BBC Antiques Roadshow expert, Lennox Cato, brings an English chest on chest from c1710. This Queen Anne period tall boy is walnut veneered and has fine feather and crossbandings throughout. The sides retain the original brass carrying handles.
Asian textile and furniture dealers, Galerie Arabesque, has a pair of 18th century scholar´s chairs also called yoke back, in fine Chichimu wood. Scholars were much respected authority figures in ancient China and all their tools are highly sought-after. The dealer also has some early 17th century pieces including very rare Imperial dragon roundels from the Yongchen dynasty, China. The robes with these dragon roundels were reserved for the immediate male kinship of the Emperor - his brothers, uncles, sons and nephews. He himself would wear a yellow dragon robe. Joanna Booth has a later, early 18th century brocaded French silk panel from Lyon depicting a floral pattern on a vivid yellow background.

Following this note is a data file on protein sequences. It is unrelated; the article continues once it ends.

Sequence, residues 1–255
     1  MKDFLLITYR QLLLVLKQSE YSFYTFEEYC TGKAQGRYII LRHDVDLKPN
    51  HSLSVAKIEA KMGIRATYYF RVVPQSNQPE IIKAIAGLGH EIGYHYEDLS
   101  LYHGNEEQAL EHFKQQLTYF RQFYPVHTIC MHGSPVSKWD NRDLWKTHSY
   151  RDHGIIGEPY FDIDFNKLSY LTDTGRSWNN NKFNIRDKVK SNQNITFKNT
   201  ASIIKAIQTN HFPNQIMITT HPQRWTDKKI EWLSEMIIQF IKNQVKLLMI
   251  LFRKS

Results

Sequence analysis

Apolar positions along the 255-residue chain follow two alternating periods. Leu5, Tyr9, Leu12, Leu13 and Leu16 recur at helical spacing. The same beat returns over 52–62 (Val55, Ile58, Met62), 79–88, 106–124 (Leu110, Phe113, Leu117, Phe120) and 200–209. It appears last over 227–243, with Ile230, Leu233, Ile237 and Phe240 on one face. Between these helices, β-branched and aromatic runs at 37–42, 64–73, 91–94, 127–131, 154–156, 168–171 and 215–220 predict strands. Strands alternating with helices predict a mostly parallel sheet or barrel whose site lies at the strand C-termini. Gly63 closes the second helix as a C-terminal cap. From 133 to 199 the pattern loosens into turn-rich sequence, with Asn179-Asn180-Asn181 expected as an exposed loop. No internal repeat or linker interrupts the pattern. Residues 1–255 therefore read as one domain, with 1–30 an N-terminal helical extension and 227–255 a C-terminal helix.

The neo-classical genre is well represented by several dealers including Craig Carrington and Rome-based dealer, Coronari. The former brings a Neo-Classical Italian marble figure of Venus bathing, dating from the 1st half of the 19th century, finely carved and retaining its original surface, it is attributed to Adamo Tadolini (1788-1868).
Continuing the classical theme, new exhibitor G Tomasso Ltd has an important sculpture by GIAMBOLOGNA (1529‒1608) Prometheus bringing Fire to Mankind in gilt bronze and standing 23.7cm high. The relatively small size and careful, though sculptural (as opposed to goldsmith-like) finish, combined with the rarity of this cast, all suggest that it may have been created quite early in Giambolognas career, when he was only just beginning to work for the Medici. It is on sale for in the region of £1million.